China Stocks on Steroids

ExxonMobil LogoExxonMobil never had a chance!

Once PetroChina decided to list its shares on the red-hot Shanghai Stock Exchange, ExxonMobil’s days as the most valuable company in the world, with only a $40 billion valuation lead over second-ranked PetroChina, were numbered.

When PetroChina’s shares opened in Shanghai on Monday, November 5, they immediately tripled in value and PetroChina sprinted past ExxonMobil as if it were a stock market laggard, not the market and industry leader that it is. PetroChina became the first company in the world to be worth $1 trillion.

Trillions of dollars in savings in China looking for a home, a limited supply of stocks to buy, and stock market mania running rampant on the Mainland all combined to give PetroChina its lofty valuation.

But even before the China stock market made PetroChina the most valuable company in the world by a factor of two, Warren Buffet and Berkshire Hathaway were sellers of the stock at less than one-half the valuation given to the company by the Shanghai market, and Alan Greenspan has been warning all year that the China stock market in general may be in for a correction.

Even as PetroChina’s shares surged in China, they slumped 13 percent in New York, and Bear Stearns and other brokerage firms were putting out the sell recommendations.

What do investors in markets outside China know that Chinese investors don’t? Well, they know that even in today’s world, a trillion dollars is a serious number and not one to be bandied about lightly. To put the number in perspective, consider the following:

  • PetroChina’s $1 trillion valuation is approximately 37% of China’s entire GDP in 2006. By way of comparison, ExxonMobil, with a valuation of $488 billion is only 3% of US 2006 GDP.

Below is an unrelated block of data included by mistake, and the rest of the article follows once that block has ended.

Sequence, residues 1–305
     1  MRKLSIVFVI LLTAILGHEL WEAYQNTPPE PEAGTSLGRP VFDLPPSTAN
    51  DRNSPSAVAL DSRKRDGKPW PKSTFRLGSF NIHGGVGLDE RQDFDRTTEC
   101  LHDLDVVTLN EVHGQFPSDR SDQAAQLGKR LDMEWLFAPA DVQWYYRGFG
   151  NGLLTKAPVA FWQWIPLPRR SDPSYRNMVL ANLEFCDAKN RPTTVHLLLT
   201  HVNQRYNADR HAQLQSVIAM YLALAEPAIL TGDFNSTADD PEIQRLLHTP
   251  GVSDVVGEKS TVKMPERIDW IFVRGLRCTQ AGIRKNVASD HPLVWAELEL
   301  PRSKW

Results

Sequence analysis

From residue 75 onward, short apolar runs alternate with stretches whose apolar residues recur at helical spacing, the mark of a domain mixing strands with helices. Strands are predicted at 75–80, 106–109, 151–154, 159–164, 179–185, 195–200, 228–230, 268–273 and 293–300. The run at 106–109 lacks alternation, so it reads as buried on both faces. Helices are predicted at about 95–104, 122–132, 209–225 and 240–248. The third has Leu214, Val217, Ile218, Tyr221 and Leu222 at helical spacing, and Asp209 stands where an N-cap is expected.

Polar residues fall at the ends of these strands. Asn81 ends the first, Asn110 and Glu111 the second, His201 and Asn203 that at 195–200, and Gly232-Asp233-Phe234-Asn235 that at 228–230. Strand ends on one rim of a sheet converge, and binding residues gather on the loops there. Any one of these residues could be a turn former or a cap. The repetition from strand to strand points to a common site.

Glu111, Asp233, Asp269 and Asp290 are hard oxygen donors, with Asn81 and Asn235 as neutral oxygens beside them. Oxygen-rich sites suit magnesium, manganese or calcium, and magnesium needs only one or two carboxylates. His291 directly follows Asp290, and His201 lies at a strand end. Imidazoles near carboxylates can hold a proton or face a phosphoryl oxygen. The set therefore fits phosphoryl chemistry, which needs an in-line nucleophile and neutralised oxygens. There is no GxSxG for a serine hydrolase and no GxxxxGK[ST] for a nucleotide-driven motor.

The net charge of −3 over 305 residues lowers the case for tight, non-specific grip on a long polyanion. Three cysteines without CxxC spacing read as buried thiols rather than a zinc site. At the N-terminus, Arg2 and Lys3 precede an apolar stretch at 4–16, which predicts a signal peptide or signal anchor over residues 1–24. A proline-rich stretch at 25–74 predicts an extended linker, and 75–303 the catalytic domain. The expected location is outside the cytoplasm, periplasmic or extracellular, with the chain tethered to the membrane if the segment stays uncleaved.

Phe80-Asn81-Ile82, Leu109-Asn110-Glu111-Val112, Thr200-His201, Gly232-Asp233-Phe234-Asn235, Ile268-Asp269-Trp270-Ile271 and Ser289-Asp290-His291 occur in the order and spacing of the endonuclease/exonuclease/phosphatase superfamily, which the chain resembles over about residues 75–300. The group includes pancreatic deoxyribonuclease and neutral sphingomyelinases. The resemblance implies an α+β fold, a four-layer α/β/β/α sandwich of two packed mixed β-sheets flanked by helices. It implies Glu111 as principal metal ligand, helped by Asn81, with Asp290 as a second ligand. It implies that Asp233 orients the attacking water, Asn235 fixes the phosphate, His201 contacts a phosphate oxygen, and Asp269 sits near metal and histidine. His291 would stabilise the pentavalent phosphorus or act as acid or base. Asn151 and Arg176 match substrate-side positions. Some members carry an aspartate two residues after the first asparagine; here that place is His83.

• In 2006, Brazil ranked 10th in the world with a GDP of just over $1 trillion. Russia was 11th with a GDP of just under $1 trillion; followed by India and Korea, each with GDP’s of about $900 billion; and Mexico and Australia, each with GDP’s of about $800 billion.
  • According to Wilshire Associates the total U.S. market cap was approximately $15.35 trillion in May, 2007, about 1.2 times the US GDP of $13.2 trillion in 2006.
  • If the stock market capitalization of a country is roughly equal to its GDP, as is the case with the United States, then the Shanghai market is saying that PetroChina alone is worth more than the countries of Brazil, Russia, India, Korea, Mexico, Australia and all but nine of the largest countries in the world.

Based on company fundamentals alone, it is easy to see why investors like Warren Buffet and sophisticated central bankers like Alan Greenspan have concluded that the China markets are suffering from the same “irrational exuberance” that the U.S. stock market suffered during the Internet boom of the late 1990s. According to Bear Stearns, PetroChina is trading at a 72 percent premium to ExxonMobil in the overseas markets, based upon 2008 price-to-earnings estimates. Based on the valuation in the Shanghai market, it is nearly four times as expensive.

More than five years of double-digit growth in the Chinese economy, combined with currency controls and controls on China stock market listings is creating an increasingly artificial and very dangerous set of circumstances. While China’s Premier Wen Jiabao has warned his government will do what it takes to prevent bubbles and fluctuations in the stock market, the reality is that this is a very difficult thing for the government to do. Accustomed to markets that only go up, Chinese investors are singularly unprepared for the pain which any market correction would bring. China’s stock market genie will indeed be very difficult to get back in the bottle.

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